Jill Humble, the executive director of nursing and allied health at Treasure Valley Community College. (The Enterprise/LILIANA FRANKEL)

ONTARIO – Nurses in training at Treasure Valley Community College have an intense schedule with 720 hours of clinicals, or on-site training, over the course of two years in addition to their classroom study. 

Students and teachers in recent interviews were confident that despite, or perhaps because of, the exhausting nature of the program, graduates enter the workforce well-prepared to deal with the special conditions created by the Covid pandemic. 

“I don’t think you can really ever appreciate it until you’re actually in it,” said Stephanie Hillman, a registered nurse at Saint Alphonsus Medical Center in Nampa who graduated from the program in the spring. “Everyone says it’s so stressful and it’s pretty hard, and you're like ‘Oh, I could do it,’ and then you’re in it and it’s kind of the constant panic and anxiety of getting through it.”

Those feelings don’t last forever, though, she said. 

When the pandemic began in early 2020, Hillman’s cohort missed a quarter in the facilities where they were doing their clinicals as the medical world scrambled to regain equilibrium. The following quarter, clinicals resumed, but Hillman and her classmates were not allowed to work with Covid patients for public health reasons. 

That meant that as a newly hired nurse, Hillman had to rely on the experienced nurses guiding her orientation for the confidence to take on the pandemic cases that make up the bulk of her current workload.

“I wish Covid would go away – it’s a super giant pain,” she said. “But at the same time, I’ve learned a lot because we’re doing things that you wouldn’t necessarily be doing outside a pandemic in normal conditions."

Jill Humble, executive director of nursing and allied health at the college, said the facilities where her students are doing clinicals now allow them to work with Covid patients. 

“It’ll prepare them even better,” she said. 

Second-year students said they saw the importance of taking care of Covid patients as preparing for the reality of their future careers.

“It’s critical for us to have to learn to take care of those patients because it’s not like Covid is just going to disappear,” said Rachel Talbot. “So it would be worse if we didn’t know how to take care of a Covid patient, because then we wouldn’t know what to do in the real world.”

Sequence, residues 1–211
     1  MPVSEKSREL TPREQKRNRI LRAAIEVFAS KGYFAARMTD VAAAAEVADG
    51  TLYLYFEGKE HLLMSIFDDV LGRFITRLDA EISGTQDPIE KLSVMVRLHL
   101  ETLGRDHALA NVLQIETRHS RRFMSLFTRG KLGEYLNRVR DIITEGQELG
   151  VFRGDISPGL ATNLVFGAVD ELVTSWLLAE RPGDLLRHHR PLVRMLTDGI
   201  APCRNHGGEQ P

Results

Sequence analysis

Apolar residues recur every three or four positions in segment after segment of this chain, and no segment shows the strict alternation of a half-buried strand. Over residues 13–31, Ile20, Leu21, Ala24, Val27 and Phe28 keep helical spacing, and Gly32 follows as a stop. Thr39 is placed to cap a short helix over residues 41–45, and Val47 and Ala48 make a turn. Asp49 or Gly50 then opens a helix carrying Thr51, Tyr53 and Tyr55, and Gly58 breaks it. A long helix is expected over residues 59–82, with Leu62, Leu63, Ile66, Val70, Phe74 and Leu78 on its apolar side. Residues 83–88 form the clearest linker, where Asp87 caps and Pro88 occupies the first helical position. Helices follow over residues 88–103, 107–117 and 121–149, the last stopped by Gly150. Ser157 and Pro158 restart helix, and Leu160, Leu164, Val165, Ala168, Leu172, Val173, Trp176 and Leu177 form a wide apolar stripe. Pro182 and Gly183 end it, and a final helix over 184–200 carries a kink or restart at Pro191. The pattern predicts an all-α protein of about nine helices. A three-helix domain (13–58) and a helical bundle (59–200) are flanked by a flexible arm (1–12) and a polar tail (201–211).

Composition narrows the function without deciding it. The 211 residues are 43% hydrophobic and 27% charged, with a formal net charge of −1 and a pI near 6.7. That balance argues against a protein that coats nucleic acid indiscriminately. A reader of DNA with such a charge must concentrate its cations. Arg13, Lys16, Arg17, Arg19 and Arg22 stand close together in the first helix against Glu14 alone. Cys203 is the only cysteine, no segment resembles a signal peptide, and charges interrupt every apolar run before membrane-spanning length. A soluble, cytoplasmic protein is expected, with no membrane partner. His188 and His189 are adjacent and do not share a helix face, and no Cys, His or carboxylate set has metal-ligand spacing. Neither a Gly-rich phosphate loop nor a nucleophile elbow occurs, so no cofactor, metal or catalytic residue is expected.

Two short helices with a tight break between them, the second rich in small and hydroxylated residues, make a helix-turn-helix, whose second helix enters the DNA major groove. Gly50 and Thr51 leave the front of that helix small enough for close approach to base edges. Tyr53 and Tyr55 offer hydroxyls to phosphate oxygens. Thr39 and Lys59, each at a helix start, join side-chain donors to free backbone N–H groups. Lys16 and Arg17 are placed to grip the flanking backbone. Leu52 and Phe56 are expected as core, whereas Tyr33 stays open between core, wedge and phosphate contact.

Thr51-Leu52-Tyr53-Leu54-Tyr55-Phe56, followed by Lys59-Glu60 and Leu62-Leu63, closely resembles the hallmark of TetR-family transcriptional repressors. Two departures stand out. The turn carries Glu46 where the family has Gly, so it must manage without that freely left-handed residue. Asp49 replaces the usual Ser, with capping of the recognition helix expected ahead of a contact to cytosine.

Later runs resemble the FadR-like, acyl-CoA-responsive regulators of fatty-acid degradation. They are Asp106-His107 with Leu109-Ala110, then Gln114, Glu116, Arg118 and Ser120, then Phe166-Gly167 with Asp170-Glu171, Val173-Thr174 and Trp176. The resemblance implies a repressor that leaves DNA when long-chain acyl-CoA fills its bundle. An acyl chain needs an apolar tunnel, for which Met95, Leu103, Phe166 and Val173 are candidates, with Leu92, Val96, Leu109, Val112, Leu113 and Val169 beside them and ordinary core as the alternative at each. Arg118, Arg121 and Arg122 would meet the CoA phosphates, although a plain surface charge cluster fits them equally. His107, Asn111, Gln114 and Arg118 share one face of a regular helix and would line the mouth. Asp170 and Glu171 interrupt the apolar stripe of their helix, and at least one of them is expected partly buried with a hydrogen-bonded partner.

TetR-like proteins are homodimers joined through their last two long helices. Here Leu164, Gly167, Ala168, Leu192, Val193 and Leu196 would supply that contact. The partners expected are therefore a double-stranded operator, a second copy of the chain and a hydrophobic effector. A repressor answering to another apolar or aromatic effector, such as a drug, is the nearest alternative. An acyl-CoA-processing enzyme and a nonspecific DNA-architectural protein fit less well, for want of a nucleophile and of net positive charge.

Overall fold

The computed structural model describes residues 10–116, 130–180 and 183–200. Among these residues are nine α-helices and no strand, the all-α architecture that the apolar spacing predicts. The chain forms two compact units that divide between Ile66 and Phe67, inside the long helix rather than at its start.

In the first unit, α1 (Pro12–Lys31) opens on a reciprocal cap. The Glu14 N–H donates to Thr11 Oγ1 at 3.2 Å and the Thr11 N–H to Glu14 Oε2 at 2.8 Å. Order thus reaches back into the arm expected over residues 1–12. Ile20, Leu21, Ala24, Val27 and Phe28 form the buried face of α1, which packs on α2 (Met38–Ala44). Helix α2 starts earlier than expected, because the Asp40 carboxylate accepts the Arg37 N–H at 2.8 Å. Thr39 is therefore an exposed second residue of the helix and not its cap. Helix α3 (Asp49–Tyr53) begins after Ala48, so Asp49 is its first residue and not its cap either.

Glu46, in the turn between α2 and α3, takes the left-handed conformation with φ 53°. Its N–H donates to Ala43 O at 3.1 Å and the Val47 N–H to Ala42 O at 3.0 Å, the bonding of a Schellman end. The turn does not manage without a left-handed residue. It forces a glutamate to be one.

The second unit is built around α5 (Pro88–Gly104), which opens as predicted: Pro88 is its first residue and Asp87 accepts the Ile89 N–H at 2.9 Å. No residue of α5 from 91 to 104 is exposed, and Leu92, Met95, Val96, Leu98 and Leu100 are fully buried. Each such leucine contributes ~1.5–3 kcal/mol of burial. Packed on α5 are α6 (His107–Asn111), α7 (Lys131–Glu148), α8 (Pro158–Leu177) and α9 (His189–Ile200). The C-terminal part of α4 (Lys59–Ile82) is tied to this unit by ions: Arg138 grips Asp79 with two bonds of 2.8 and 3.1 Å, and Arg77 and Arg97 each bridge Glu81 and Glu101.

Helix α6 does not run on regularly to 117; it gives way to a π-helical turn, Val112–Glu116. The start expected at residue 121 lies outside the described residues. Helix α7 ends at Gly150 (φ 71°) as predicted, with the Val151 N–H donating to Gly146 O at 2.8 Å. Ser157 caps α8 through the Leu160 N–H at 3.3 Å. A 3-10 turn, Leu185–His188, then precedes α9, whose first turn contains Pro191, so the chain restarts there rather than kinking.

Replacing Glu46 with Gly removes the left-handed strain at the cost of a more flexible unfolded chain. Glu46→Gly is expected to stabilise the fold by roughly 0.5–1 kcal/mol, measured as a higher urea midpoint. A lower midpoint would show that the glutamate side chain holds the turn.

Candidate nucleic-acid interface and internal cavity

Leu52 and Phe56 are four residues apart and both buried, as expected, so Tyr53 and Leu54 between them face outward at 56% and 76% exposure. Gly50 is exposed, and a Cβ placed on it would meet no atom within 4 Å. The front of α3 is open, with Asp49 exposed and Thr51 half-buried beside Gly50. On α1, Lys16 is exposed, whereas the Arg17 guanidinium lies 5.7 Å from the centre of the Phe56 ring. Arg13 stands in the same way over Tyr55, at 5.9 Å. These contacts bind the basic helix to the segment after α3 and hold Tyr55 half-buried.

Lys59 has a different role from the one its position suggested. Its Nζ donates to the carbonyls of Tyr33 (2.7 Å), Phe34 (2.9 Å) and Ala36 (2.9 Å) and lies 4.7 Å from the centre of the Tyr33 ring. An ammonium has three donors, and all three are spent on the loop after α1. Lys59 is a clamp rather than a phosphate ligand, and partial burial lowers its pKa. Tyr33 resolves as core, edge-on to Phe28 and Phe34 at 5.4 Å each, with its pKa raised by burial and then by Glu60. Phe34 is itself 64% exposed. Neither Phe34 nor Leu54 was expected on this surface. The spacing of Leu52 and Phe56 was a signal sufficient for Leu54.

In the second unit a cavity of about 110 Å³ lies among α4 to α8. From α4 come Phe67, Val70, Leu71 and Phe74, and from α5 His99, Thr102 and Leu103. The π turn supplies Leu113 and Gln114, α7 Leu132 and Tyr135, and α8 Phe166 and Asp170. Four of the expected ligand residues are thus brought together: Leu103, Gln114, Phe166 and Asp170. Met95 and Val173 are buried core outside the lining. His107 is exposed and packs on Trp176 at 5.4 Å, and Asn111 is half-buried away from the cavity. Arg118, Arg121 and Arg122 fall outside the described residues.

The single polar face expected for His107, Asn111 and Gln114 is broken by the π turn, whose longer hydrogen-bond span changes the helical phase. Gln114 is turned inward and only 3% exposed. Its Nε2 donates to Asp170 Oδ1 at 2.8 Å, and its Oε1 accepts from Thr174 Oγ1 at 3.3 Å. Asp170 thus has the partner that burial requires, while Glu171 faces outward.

Students must be vaccinated against Covid in order to work at the majority of the facilities where they may be placed for clinicals, a policy which has complicated the nursing program’s placement process. 

Humble said that a small minority of the second-year students were choosing to not get vaccinated and instead seek a medical or religious exemption, which puts their ability to complete some program requirements at risk. However, with the majority protected by both vaccines and personal protective equipment, students said that they weren’t overly worried about having to take care of Covid-positive patients. 

“I think our instructors are doing a good job providing the supplies that we need to maintain our safety,” said Vianey Maciel-Onate. 

Hillman said that the need to constantly switch out personal protective equipment between visits to Covid patients was tiring. But that wasn’t the hardest part of taking care of Covid patients, she said. 

“I’m always a little bit more anxious with my Covid patients because they can go downhill really fast,” she said. “They’re on continuous (oxygen) monitoring. I’m always peeking in their window. I’m always checking that to make sure they’re not dipping. When they start to go below 90% we have to start bumping up.”

Hillman said that Covid patients would commonly be laid on their bellies, or “proned,” in order to take the weight off of their lungs. However, that can be difficult for some patients who are overweight or have back issues. 

“The ones that can prone for a really long time tend to do a little better than the ones who won’t or can’t,” said Hillman.

Because there is not enough room in Nampa’s intensive care unit, Hillman said that sicker patients were being placed on her medical-surgical floor.  

“Some ICU patients, they know they can’t do anything else for, so they send them up on our floor to open up beds, and they pass away on our floor,” Hillman said. 

“The emotions (in treating Covid) are just heavy,” she continued. “Covid is so random with who it chooses, and the way it presents itself in different people is so different in who it chooses. That to me is kind of the hardest part.”

The second-year students said that while their work is difficult, the team spirit in their cohort is a great source of support. 

“If you’re not being challenged to the point where you question your career path, I don’t know what you’re doing,” said Talbot.

Other students said that despite the challenges they would face this year in their clinicals, they remained grateful for the opportunity to work in person. 

“I feel like there's a moment where I was thankful we could still go to clinical sites and stuff like that, because on the other side of the state they weren’t doing anything,” said Hannah Roberts. “I have friends in the (Oregon Health and Science University) program who still haven’t touched a patient,” said Carly Bowen. 

“Instead of having to do med-surg in the hospital, we’ve done thousands of vaccines between us for sure,” said Shad Allison.

“If anything, we really had to learn to be flexible,” said Kyle Spurling.

News tip? Contact reporter Liliana Frankel at [email protected] or 267-981-5577.

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